Digital Inclusion

The Information Policy & Access Center has released their findings from a 2013 Survey about Digital Inclusion.

You can read the full report online.

Digital Inclusion is more than Digital Literacy, focusing on not just access but supporting users to engage in digital communities. The report explored the roles of public libraries in four main areas: Continue reading

YALSAblog Tweets of the Week-August 8

A short list of tweets from the past week of interest to teens and the library staff that work with them.

Do you have a favorite Tweet from the past week? If so add it in the comments for this post. Or, if you read a Twitter post between August 1 and August 7 that you think is a must for the next Tweets of the Week send a direct or @ message to lbraun2000 on Twitter.
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YALSA’s 2014 Maker Contest

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By: Amy Boese, Member of Makerspace Resources Taskforce

Summer is so full of riches – sunshine and gardens and summer reading programs are all happening fast and furious. So share the wealth!

You can’t send everyone a jar of your grandma’s dilly beans, but you can certainly tell the YALSA world what went down with your latest and greatest making project. Ready to go? You can find all the details here.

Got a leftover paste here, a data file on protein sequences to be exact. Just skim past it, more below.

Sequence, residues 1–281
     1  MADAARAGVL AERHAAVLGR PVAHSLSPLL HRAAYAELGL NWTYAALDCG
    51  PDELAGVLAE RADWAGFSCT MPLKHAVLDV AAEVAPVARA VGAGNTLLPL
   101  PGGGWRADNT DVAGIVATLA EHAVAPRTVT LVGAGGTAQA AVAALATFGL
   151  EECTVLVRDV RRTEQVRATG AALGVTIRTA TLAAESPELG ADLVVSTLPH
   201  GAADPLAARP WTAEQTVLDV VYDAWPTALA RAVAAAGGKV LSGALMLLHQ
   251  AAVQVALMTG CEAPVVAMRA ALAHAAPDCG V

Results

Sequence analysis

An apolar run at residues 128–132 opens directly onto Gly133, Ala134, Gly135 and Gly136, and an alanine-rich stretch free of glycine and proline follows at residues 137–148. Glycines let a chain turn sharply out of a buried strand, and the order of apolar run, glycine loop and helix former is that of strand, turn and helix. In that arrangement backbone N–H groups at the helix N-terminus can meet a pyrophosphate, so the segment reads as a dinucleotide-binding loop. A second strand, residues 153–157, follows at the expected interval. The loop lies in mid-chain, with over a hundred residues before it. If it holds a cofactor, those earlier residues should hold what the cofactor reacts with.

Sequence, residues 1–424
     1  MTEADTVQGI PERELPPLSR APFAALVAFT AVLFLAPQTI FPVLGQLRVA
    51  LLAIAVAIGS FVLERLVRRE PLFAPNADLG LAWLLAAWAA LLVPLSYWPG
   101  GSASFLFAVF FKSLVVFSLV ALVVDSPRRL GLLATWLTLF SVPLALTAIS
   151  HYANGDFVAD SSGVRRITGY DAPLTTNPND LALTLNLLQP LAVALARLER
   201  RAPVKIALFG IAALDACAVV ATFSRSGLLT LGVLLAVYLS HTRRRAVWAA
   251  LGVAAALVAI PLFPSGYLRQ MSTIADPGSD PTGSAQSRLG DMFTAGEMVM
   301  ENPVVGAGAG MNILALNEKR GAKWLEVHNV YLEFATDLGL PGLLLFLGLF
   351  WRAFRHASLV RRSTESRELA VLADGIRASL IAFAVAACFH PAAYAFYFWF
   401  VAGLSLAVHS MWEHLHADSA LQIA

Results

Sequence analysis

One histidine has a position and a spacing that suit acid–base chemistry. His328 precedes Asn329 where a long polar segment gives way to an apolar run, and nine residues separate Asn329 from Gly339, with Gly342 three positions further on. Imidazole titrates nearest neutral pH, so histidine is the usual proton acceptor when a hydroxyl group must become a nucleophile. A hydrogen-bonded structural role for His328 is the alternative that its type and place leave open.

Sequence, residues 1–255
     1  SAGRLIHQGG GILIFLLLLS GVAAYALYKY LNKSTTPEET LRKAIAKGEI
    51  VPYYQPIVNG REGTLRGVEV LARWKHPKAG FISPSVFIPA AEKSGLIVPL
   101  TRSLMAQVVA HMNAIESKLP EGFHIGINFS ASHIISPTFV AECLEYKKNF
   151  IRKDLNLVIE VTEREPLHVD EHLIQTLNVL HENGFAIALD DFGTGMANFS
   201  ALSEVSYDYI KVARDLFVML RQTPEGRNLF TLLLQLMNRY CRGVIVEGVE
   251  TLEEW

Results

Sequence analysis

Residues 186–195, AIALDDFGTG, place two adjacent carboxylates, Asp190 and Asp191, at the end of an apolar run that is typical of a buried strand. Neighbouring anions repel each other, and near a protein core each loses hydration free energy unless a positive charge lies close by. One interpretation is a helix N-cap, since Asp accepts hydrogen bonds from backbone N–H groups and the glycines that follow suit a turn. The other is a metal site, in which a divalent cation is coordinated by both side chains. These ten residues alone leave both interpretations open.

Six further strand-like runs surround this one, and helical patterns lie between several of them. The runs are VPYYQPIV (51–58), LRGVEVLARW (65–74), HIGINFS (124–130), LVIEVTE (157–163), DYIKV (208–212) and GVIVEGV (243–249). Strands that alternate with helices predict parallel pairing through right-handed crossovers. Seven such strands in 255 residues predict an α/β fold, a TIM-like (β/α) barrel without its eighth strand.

Making in the library comes in all shapes and sizes. From basic circuitry and LED-infused clothing, to building bridges out of rubber bands and robots out of toothbrushes, you’re making some amazing things out there in libraryland.

Often for me, the pieces of a great idea comes from a tweet or a fleeting image on Instagram, (I’m forever grateful, paper rollercoaster pioneers!) but filling in the substance of those programs can require more work. The YALSA Maker Contest 2014 wants to pull all the greatest making ideas together so we can send out the details and *everyone* can be more successful.